Your blog is inherently personal. It includes your preferences, voice, and ideas. If you are trying to build the reputation of the whole firm then the company website might be an ideal home for these thoughts. But if others in your firm have different practice areas or perspectives on key parts of the practice, you may want to host your blog separately.

Who Owns the Blog Content?

What happens to your blog if you leave the company? Would someone else pick up where you left off? Would you expect to be able to take your writing with you? A stand-alone URL is more portable, but a page on the company website clearly belongs to the firm.

How Focused Is Your Blog?

Most lawyers don’t do just one thing. But when you choose your blog’s topic you may define it narrowly on the one practice area you prefer. There may be room for another blog on another topic down the road. If that’s the case it may be better to use a separate URL for your blog rather than occupying the spot of

How Do You Want Your Blog to Look?

Aesthetics are important on the Internet. Your firm website is probably contemporary and professional, but that look could be all wrong if your blog is targeted at single mothers or teenagers. That said, you wouldn’t want an ABCs or heavy metal theme on your company webpage. By using different themes for your website and blog you can evoke different moods from your readers and motivate them to take different actions. But for consistency’s sake they may need to occupy a different spaces on the web.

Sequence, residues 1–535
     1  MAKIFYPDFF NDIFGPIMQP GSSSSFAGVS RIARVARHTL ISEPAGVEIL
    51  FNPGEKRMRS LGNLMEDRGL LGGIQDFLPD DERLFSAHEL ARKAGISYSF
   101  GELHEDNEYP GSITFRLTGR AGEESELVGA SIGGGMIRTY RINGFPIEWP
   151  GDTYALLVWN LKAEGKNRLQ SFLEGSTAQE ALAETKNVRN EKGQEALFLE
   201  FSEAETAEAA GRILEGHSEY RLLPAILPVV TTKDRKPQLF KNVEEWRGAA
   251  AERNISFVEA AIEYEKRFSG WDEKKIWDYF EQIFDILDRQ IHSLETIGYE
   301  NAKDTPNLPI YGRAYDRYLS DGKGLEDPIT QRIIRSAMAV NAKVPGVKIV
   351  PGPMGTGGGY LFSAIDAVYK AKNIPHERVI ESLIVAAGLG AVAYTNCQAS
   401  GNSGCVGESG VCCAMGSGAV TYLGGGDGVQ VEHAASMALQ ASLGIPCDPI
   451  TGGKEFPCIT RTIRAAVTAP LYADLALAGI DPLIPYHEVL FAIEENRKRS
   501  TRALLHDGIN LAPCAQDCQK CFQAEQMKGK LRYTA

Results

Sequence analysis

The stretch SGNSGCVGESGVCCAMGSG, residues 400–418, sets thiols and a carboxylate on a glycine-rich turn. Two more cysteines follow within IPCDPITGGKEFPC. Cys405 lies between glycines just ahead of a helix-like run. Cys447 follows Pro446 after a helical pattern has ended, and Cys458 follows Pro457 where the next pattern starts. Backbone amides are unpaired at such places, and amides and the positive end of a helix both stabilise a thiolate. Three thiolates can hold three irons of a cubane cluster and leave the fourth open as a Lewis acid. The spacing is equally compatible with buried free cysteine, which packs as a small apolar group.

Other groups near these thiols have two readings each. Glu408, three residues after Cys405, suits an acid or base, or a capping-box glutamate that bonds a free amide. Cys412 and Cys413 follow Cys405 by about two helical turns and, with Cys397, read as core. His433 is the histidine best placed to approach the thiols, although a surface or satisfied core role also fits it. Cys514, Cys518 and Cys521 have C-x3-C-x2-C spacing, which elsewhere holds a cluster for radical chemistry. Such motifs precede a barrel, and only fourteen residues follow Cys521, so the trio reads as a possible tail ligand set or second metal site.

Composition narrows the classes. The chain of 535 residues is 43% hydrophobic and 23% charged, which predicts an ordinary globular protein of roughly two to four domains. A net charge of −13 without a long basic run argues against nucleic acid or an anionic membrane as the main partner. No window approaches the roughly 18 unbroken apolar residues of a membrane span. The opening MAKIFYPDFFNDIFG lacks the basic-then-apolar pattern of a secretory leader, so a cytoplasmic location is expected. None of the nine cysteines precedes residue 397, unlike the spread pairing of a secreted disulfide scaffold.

How Will The Two Sites Be Linked?

No matter whether your blog is a page on your website or a separate URL, integration between the two sites is important. Even if you decide to host your blog under an SEO maximized handle, you still need to make sure there are clear and easy-to-find links between it and your website. Remember, one of your main goals is to attract clients, so you need a strong connection between your business and your ideas, even when the URLs are completely different.

Deciding where to place your blog on the web can be a complicated decision. But with careful thought you can maximize your impact and your marketing for you and your firm.

Never Write the Perfect Blog

Let’s face it, a lot of blogs start with the best intentions, but then never – or only very rarely – get updated. Many would-be-bloggers will tell you they have a blog and they “know they should write more” but they are too busy or can’t find anything new to say. In reality, blogging is not that hard or time consuming. So what is stopping all these well-intentioned writers?

One of the fastest ways to make anyone, but especially a lawyer, stop writing is to tell them it has to be perfect. Many authors will find themselves stymied by a feeling that every word they write is being scrutinized by the public on the Internet. What if they say something incorrect that makes them seem foolish, or worse, unprofessional?

This is especially true for lawyers. As attorneys we are held to ethical standards that prohibit us from giving false legal advice. This can scare off would-be-bloggers. Rather than risk the ire of the local ethics committee they turn to safer, more tested, and often less effective forms of marketing.